Saturday, April 13, 2013

We have our hands full

[A] ‘shadow report’ by Social Watch Philippines called ‘The Other MDG [Millennium Development Goals] Report: Winning the Numbers, Losing the War’ warned that the problem is “much more serious than what the government is prepared to admit . . . [W]hile the government had the conditional cash transfer program to ensure that families continue sending their children to school, the manner of choosing beneficiaries does not seem clear to them. Many of the truly poor are still not reached.” [Left behind, Adelle Chua, Manila Standard Today, 15th Mar 2013]

DOTC Secretary Jun Abaya . . . suggested that the private sector is also to blame for the delays in [major infrastructure] projects . . . I got the impression that Sec. Jun is overwhelmed by the enormity of his tasks and helpless in the face of the inertia of the bureaucracy. For example, I asked him why LTFRB is unable to enforce its franchise rules and cut the number of buses on EDSA by at least half when it is so obvious there are more than needed . . . I think Sec. Jun is overwhelmed by the demands of his DOTC assignment plus his other duties as a top official of the Liberal Party. He also seems pretty much a captive of the DOTC bureaucracy.” [DOTC: Private sector also to blame, Boo Chanco, The Philippine Star, 15th Mar 2013]

To understand why . . . all you really need to do is drive around Metro Manila and you will find proof enough that Filipinos regardless of what tribe, religion, province or economic status they come from, have such a sense of entitlement . . . Some call it arrogance, some call it bad attitude, but it could also pass as being “Filipino”. I’m sure this will piss off some of you, but my intention is just that: to piss off enough people into facing the issue and at least admit to ourselves that we all share this “negative cultural gene.” [Ours is not ‘a beautiful mind’, Cito Beltran, The Philippine Star, 15th Mar 2013]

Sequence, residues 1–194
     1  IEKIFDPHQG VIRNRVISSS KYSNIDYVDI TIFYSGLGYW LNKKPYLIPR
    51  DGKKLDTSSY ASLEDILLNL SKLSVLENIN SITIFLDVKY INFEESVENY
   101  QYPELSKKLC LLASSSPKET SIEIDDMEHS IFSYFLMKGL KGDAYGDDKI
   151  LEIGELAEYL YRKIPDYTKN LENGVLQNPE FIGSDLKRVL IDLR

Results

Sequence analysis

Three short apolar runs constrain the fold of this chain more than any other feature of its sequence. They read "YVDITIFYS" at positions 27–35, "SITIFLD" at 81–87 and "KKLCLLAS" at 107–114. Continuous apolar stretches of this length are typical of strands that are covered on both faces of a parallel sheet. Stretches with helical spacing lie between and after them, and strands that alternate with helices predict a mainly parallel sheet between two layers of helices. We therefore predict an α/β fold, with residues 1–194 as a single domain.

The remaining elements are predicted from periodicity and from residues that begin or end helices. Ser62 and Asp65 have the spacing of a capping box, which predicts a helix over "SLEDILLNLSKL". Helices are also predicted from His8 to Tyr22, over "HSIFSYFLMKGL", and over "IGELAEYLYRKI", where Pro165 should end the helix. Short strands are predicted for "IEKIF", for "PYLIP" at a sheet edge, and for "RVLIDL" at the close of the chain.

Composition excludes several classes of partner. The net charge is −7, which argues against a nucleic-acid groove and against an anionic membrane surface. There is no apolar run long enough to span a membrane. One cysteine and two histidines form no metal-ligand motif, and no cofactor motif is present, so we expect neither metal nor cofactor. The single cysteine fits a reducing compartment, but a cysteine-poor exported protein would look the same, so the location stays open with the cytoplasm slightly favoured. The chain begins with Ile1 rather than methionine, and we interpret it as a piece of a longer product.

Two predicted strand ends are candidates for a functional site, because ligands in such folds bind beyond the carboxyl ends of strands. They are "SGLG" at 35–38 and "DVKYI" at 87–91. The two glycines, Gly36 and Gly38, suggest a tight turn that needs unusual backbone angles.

In the meantime, the world is reading: “Singapore most innovative city in Asia Pacific: study.” [Yahoo News, 11th Mar 2013] “Today, Singapore is bold, fast and successful -- and Singapore Inc will follow the same path. Singapore has no other choice; it must adapt and lead change if it is to remain relevant in the 21st century,” said Damien Duhamel, Solidiance managing partner for Asia Pacific . . . The report suggested that a favorable innovation habitat is best exemplified by the following: (1) Rich availability of educated and skillful human talent, enabled by diversity and life amenity; (2) Knowledge creation produced by the tertiary education institutes, firms, and government; (3) Proper level of city liveability and the tolerance that its society possesses towards deviant norms and failure, along with their ability to sustain culture and value; (4) Technology advancement and innovation ecosystem facilitated by the government; (5) Favorable regulatory framework set by the government to sustain the city system; (6) Global integration and the city’s orientation towards the future, indicated by a high level of the city’s connectivity and environmental sustainability.”

The Republic beat 15 other cities in the region, including second-ranked Sydney and third-ranked Melbourne . . . The study was done to prove if a city has developed an efficient innovation environment. Six main categories -- human talent, knowledge creation, technology, society, government and global integration -- were used to measure the level of innovation per city.”

Consider the above yardsticks and it wouldn’t be surprising that we are underdeveloped – and suffer from widespread poverty? We’re still about rewarding and celebrating hierarchy, oligopoly, and political dynasties – thus our lopsided economy – and clearly out-of-sync with the 21st century? And so neighbors couldn’t help but give us a scolding: “Minister Akio Isomata of the Japanese Embassy’s economic section said the Philippines “cannot afford to be complacent” amid the optimism generated by its standout growth rate of 6.6 percent in 2012 . . . Yes, it’s lagging behind. You cannot afford to be complacent in your current place. Of course, the economy is very strong now. The achievement, performance is admirable in the last two years I think. No doubt about that” . . . He cited a congested logistics infrastructure, including roads and ports, expensive and unstable power supply and the delayed release of tax refunds as major concerns among Japanese investors.” [Tarra Quismundo, Philippine Daily Inquirer, 15th Mar 2013]

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